Remember the slow-moving, ridiculously armed ED-209 in the first RoboCop movie? The poor thing couldn't walk down a stairwell, but boy, could that machine leave a bloody mess. Author & Punisher does much the same, for both the ears and whatever's left of the body.
Mount Moriah is a rock band formed around the duo of guitarist Jenks Miller and singer Heather McEntire. Its second full-length album, the recent Miracle Temple, combines the strum and twang of Southern rock with vocals that hit hard emotionally.
On this installment of World Cafe, host David Dye discusses with McEntire the complexity of Mount Moriah's sound, as well as her push to explore the nuances in her vocals.
The Sea, The Sea makes its first appearance on Mountain Stage, recorded live in Charleston, W.Va. The duo of singer-songwriters Mira Stanley and Chuck E. Costa first began performing and recording together in the fall of 2011. No stranger to West Virginia's most famous stage, Stanley spent much of her youth backstage at shows alongside her father, Mountain Stage bandleader Ron Sowell. She even auditioned once, as a very young girl, for host Larry Groce — "Don't call us, we'll call you," he told her. Many years later, he kept his word.
Yo La Tengo has been able to stick together and make music on its own terms for more than 20 years; in today's climate, that's as rare as it is impressive. In an interview for KCRW, singer Ira Kaplan said the band likes to keep its process in the air and of the moment.
The latest episode of Q2 Spaces takes us to Washington state's Puget Sound and the small sailboat where musician, composer and producer Jherek Bischoff was raised — and to his Seattle apartment, where he surrounds himself with instruments and not much else.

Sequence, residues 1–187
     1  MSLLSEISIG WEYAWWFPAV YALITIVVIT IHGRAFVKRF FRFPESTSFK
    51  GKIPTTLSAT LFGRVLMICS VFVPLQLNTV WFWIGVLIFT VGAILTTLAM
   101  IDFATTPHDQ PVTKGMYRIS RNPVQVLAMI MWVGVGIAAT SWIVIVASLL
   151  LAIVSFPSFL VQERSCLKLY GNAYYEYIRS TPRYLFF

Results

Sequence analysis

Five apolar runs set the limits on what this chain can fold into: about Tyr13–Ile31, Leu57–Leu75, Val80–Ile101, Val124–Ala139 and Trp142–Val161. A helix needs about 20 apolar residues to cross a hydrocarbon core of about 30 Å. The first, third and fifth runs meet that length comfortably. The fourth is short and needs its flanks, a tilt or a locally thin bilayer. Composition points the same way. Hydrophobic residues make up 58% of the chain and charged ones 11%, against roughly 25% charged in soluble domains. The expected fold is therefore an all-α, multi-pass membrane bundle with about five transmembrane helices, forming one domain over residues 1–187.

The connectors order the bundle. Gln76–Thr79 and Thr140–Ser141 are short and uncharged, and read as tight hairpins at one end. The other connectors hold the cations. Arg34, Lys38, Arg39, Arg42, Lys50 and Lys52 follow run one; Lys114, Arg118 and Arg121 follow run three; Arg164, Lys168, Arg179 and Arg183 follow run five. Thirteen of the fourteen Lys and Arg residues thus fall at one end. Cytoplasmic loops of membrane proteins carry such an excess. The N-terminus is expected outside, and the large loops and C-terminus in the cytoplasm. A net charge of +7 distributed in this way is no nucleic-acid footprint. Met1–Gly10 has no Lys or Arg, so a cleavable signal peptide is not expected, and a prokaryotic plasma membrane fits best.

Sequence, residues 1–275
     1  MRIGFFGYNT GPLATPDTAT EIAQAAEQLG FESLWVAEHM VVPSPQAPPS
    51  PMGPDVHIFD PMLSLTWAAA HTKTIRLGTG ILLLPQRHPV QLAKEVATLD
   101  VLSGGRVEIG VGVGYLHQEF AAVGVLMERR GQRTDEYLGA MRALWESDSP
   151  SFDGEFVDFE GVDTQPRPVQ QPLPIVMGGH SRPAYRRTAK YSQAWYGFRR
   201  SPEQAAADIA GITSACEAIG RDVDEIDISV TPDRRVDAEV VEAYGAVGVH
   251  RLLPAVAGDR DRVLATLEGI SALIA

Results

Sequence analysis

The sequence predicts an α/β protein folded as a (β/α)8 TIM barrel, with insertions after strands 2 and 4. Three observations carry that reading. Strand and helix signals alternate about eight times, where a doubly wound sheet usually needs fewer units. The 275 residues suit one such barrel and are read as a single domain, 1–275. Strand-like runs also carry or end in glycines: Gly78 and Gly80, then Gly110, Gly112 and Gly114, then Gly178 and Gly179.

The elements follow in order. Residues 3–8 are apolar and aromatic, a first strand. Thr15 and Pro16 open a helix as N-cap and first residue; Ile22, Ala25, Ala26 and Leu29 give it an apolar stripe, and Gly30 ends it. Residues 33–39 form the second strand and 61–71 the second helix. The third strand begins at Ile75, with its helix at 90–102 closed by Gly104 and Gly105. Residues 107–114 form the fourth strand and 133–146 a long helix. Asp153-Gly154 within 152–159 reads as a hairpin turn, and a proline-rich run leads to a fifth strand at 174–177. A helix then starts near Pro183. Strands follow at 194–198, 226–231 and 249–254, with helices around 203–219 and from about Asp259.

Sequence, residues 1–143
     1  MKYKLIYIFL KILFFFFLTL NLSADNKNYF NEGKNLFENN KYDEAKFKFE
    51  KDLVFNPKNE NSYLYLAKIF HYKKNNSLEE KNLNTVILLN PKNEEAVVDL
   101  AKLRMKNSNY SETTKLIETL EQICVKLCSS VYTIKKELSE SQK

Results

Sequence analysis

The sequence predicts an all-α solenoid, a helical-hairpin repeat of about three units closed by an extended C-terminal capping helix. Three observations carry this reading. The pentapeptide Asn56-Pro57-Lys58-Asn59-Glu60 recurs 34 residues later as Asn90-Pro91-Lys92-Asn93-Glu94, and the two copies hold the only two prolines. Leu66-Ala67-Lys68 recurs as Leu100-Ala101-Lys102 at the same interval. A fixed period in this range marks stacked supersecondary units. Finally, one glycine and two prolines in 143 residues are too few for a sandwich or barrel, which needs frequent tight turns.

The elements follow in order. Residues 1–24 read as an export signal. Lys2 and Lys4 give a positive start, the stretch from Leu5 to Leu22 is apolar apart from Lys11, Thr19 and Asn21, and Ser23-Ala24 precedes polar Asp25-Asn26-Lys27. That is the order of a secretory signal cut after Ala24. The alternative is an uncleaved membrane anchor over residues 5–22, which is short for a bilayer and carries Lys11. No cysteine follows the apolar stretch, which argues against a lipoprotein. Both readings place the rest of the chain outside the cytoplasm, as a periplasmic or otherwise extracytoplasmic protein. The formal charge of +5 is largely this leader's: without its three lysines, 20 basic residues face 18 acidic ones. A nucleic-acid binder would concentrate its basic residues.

Originally published on Mon June 24, 2013 11:15 am
Paula Cole makes her second appearance on Mountain Stage, recorded live at the Culture Center Theater in Charleston, W.Va. When Cole first appeared on Mountain Stage in the fall of 1996, she was still a relative unknown to the public at large, despite earning high praise from peers for her work as a backing vocalist for Peter Gabriel, as well as her debut album Harbinger.
This week on All Songs Considered, hosts Bob Boilen and Robin Hilton offer up a musical sampler of many styles from around the world. There's an upbeat, atmospheric cut with amazing harmonies from the magnetic Laura Mvula, a voice you'll hear a lot more of this year; Firehorse's blazing combination of neo-soul, hip-hop and electronic beats; a heavy, hypnotic track from New York duo Small Multiples and some transfixing psych-pop from Jagwar Ma.
The debut album 'The Mountain Moves' from Treetop Flyers – who named themselves after a Stephen Stills song – effortlessly captures the spirit of late-1960s west coast pop-rock: the Byrds, America, and Crosby, Stills, Nash & Young.
Originally published on Mon August 19, 2013 6:04 am
Queens of the Stone Age's first album in six years follows an unusually chaotic stretch for the band: Lineup and label changes, frontman Josh Homme's lengthy stint in the hit supergroup Them Crooked Vultures, and what Homme calls "a manic year" all inform the brooding, stormy sound of ...Like Clockwork.